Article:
Ask Luka Jovic for his favorite animal and his likely answer will be a tiger. Somehow, that fun fact even correlates to his once long bushy hair as a teenager surging through the youth ranks at Red Star Belgrade. Every facet of his game mirrors that of his idol, Radamel Falcao, the long hair Colombian striker also known as “El Tigre”. Former Red Star Belgrade director, Zvezdan Terzic, went as far to dub Jovic the ‘Serbian Falcao’ and the striker loves it. A 15-year-old Luka Jovic said it best, “I like Falcao the most. Playing with the left, the right, and the head. Every chance he takes, he’s fantastic. I’d love to be at least like him”.
His words have been prophetic. His off the ball movement and intelligence in the box, his understanding of space vs his marker, and his ability to score goals with every part of his body make the links to his idol seamless. His ruthless goal haul for the Serbian national team youth levels is another testament to his peak-Falcao-like predatory skills: 44 goals in 59 games for the U16 - U21 Serbian national team.
There is no contesting that his rise has been meteoric, but for many who knew him, it could be predicted. From a very young age, he’s often shouldered being the best player on the pitch. At just 8-years-old, Jovic was subjected to a “transfer tug of war” between Red Star Belgrade and bitter rivals Partizan. Red Star had identified Jovic the year prior to Partizan and offered to pay for his travel over the border from Batar in Bosnia, where he was born, to Belgrade in Serbia. This was a two and a half hour hike one-way. His father was also offered €50 for each game he played. Partizan tried to pry him away for €200 euros per month (again being paid to his father), but Jovic insisted on staying with the Serbian club, Red Star Belgrade.
That loyalty would be rewarded. It should be known, Luka Jovic’s exploits are no surprise to Serbians as he has long been regarded as the country’s next super star. The director of Red Star Belgrade, Terzic, has always been euphoric in his praise of the player. “As far as Jovic is concerned, he is the pearl, the new Falcao. The boy was born for football. He knows everything, you have nothing to teach him. He feels space and he knows the right movements, it’s all routine” he said in a statement to the press in 2014.
Belgrade bet on Jovic and it paid off. In May of 2014, Luka Jovic became the clubs youngest ever goal scorer in a competitive match, after coming on as a substitute for his debut at the age of 16 and scoring the goal which secured the Serbian Super League title for Red Star. He scored a mere 2 minutes after entering the match.
At just 17 years of age, ahead of the 2014/2015 season, it was again the unrelenting faith shown by Zvezdan Terzic, who gave Jovic Red Star’s famed number 9 shirt. Terzic was forced to explain his reasoning to the more senior striker and starter, Djordje Despotovic. He refuted that even Robin Van Perise, then one of the most in-form strikers for Manchester United, would not be given the “9” ahead of Jovic. “You’re a good player, but at the moment, Van Persie could come to Red Star and the nine would still go to Jovic”.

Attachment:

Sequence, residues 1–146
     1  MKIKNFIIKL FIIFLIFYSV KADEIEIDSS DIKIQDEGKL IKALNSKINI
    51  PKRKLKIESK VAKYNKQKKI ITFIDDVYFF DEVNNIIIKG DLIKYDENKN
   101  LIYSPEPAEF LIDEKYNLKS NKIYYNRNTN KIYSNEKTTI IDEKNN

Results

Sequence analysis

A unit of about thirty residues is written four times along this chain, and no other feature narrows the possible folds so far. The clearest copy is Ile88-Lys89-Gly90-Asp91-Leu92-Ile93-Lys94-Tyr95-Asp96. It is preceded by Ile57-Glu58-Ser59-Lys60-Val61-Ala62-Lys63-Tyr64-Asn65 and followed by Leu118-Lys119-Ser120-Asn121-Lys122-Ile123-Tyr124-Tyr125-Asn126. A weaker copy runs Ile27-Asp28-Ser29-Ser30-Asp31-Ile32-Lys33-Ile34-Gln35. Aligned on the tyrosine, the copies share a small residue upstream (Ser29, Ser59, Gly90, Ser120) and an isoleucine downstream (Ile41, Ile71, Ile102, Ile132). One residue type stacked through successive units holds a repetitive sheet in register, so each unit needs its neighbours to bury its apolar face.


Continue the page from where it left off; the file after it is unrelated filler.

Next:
At the age of 18, Luka Jovic was sold to Benefica for €6 million after winning 1 Serbian League title and scoring 12 goals in his 42 appearances. He was afforded very few opportunities with the Portuguese side, just 2 substitute appearances during his year in Portugal. The coach of Benfica B, Helder Cristovao, was enamored with Jovic after just one training session: “He has the potential to be great much like Sergio Aguero with his technique and instinct”. Despite the praise, opportunities were lacking and 18-year-old Jovic failed to settle in Portugal.
So in 2017, Eintracht Frankfurt—then coached by Niko Kovac who was aware of the player since his youth level exploits— secured a two year loan with an option to buy. Jovic attributed his breakthrough to Kovac where he played 27 games and scored 9 goals in the 2017/2018 season. “In one month at Frankfurt, I ran more than in an entire year at Lisbon,” he told Frankfurter Rundschau. Kovac was a fellow Balkan and helped settle Jovic and set his priorities. “I just needed someone like Niko Kovac to wake me up. He demands the maximum and gets the maximum out of you. I have Niko Kovac to thank for the success that I now have”, he added.
And breakthrough he did. 28 goals in all competitions — 15 with his right foot, 9 with his left, 4 with his head, and 1 penalty. He scored 5 goals in a single Bundesliga game. It was his deft chip over Handanović of Inter Milan that secured Eintracht’s progression to the Europa League quarter finals where he ended as the competitions second top scorer with 10 goals. Much like his idol Falcao, the Serbian sensation always seems to appear at the right moment and the right time to score a goal.
Now, at 21-years-old, he has signed for the biggest club in the world, Real Madrid. Some may say the journey is just beginning, but Jovic can point to the long days of travel to and from Batar to Belgrade for training as the beginning. Followed by the countless hours watching Falcao clips and former Macedonian great, Pancev. Then the move to Portugal at 18, followed by a subsequent move to Germany at 19. At 21, Jovic has carried responsibility and lived experiences that prepare him for the high octane world that is Real Madrid. It’s not the beginning, but Madrid will be the most exciting chapter in Luka’s long story.